Number Of S. Koreans Visiting Japan Dropped 7.6% In July

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TOKYO (Bloomberg) — The number of South Koreans visiting Japan dropped 7.6 percent in July, underscoring the toll a trade spat is taking on commerce in both countries.

The decline in South Korean tourists dented an otherwise positive result, with the total number of visitors to Japan climbing 5.6 percent from a year earlier, according to the Japan National Tourism Organization. The result was boosted by an almost 20 percent jump in visitors from China, which accounts for the biggest portion of Japan’s tourists.

The tourism agency pointed to a sluggish South Korean economy and the state of relations between the two countries as reasons for the decline in travelers from that country. More South Koreans have been traveling to China and Vietnam, the government agency said in a release Wednesday.
The pullback could be a bad sign for Japanese companies.

Although official government policy has only had an impact on a few niche areas, the trade dispute has sparked a public backlash in South Korea, with consumers boycotting Japanese products from Uniqlo clothes to Asahi beer and canceling travel plans to their neighbor across the sea. South Korea is the second-biggest source of visitors to Japan, and their absence could impact spending on lodging, domestic transit, food and shopping for souvenirs, beauty products and clothing.

“We’re seeing an impact” from Korea, said Takeshi Nishii, the incoming co-chief operating officer of Pan Pacific International Holdings Co., which runs Don Quijote discount stores. “In Fukuoka, Kansai, around here — there’s the chance there could be a pronounced impact.”
He added that Don Quijote is seeing strong business from visitors from other countries; about 10 percent of the chain’s sales are tax-free purchases.

While the hit to Japan’s economy from the months-old trade dispute is uncertain at this point, the spat adds another challenge for consumer-facing companies caught in the larger trade battle between the United States and China, as well as the fallout from Hong Kong’s political protests.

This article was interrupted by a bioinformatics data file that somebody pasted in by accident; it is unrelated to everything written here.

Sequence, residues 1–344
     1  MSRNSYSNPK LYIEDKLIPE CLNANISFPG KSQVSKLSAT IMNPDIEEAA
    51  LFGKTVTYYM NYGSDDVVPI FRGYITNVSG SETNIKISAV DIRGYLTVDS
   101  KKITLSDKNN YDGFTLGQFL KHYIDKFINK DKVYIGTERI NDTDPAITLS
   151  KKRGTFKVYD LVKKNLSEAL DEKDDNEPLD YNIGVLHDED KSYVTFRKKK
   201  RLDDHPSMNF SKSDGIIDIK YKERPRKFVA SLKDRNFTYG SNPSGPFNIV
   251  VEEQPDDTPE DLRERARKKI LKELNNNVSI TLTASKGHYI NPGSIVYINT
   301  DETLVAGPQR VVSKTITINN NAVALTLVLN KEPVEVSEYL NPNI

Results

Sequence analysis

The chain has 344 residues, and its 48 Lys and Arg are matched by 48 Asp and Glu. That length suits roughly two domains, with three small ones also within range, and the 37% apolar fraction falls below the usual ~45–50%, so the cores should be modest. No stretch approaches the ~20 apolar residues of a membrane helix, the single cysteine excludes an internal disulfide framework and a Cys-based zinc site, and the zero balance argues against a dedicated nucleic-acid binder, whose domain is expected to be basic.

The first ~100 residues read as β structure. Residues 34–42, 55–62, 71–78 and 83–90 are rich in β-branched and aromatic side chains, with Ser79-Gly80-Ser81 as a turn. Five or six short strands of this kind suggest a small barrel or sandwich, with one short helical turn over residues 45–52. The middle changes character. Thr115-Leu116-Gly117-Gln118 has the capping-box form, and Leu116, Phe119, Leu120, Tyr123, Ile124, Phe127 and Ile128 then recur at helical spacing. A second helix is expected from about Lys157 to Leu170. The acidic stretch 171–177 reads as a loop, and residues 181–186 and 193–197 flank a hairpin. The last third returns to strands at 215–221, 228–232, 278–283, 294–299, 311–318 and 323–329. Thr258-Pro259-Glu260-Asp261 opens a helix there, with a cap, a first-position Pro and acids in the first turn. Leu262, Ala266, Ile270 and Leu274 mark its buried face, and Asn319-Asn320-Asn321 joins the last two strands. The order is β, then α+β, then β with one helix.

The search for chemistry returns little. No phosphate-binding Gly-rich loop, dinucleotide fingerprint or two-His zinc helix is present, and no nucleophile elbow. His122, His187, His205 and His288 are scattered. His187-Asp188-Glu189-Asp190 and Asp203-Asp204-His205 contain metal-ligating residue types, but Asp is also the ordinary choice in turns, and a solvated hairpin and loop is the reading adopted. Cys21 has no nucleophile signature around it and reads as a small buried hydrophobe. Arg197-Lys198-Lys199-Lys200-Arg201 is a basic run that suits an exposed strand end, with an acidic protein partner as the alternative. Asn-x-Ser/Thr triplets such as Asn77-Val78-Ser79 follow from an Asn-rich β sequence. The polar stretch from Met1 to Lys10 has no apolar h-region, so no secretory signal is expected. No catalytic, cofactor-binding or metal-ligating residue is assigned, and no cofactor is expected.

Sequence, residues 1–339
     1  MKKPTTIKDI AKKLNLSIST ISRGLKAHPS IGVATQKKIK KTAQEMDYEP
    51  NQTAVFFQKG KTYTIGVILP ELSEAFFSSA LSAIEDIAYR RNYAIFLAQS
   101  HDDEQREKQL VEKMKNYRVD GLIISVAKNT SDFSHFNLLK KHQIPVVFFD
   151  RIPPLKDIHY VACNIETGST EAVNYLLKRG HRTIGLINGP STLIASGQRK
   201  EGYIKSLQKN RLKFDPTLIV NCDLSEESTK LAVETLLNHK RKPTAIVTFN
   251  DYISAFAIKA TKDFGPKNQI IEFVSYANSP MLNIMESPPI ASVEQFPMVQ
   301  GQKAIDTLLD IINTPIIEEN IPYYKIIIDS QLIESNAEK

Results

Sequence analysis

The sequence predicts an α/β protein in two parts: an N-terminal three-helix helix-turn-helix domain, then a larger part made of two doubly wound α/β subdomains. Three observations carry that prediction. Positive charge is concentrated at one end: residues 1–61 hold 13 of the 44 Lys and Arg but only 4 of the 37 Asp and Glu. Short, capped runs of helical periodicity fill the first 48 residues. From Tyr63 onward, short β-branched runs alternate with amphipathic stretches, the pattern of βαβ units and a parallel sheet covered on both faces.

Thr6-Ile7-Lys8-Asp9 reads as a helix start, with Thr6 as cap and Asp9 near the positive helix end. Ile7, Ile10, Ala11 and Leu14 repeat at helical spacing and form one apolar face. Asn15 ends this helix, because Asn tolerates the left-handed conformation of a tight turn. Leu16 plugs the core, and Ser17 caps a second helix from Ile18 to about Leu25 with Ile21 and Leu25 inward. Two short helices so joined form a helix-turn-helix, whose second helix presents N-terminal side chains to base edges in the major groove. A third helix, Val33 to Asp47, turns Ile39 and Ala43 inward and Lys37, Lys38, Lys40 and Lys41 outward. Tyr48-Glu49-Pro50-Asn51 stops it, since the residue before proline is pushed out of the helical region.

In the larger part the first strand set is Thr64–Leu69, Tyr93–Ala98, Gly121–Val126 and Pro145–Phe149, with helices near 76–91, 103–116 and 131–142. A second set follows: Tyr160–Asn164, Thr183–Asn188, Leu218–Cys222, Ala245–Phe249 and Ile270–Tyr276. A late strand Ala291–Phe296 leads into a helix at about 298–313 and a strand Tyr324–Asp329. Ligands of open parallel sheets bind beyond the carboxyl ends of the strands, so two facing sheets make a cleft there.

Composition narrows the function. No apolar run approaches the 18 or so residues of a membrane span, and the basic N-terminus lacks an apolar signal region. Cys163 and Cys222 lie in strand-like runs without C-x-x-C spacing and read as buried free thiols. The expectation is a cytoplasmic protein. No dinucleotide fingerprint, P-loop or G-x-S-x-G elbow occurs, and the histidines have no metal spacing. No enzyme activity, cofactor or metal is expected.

Japanese companies often bank on their “Made in Japan” quality to appeal to consumers for overseas sales, which are a key contributor to business growth.

Many Japanese beauty companies and retailers also net a portion of domestic revenue from duty-free sales — a rough gauge of tourist purchases. Those include department stores and makeup brands such as Shiseido Co.

Despite the fall in South Korean travelers, tourists from the country likely make up a small portion of inbound visitor sales at Japanese beauty companies, so “do not expect a major impact from deterioration in Japan-Korea ties,” Jefferies Group LLC analyst Mitsuko Miyasako wrote in a note to investors Wednesday.

In 2018, South Korean tourists in Japan spent about ¥584 billion, with most of it going toward lodging and shopping, according to the Japan Tourism Agency.

The travel boycott has been notable this summer, with airlines reducing flights as South Koreans cancel their trips. The number of new reservations for tours into Japan dropped 30 percent and 70 percent in July and August, respectively, compared with a year earlier, according to Hana Tour Service Inc., a major South Korean tour agency. Another, Modetour Network Inc., said there’s effectively been no new reservations for Japan in August.

The trend is likely to continue. Korean Air Lines said it will reduce some flights to Japan beginning next month because of weak demand. Japan’s loss could be a benefit for other Asian countries, as the carrier said it would increase flights to destinations including Bali, Vietnam, Australia and China.


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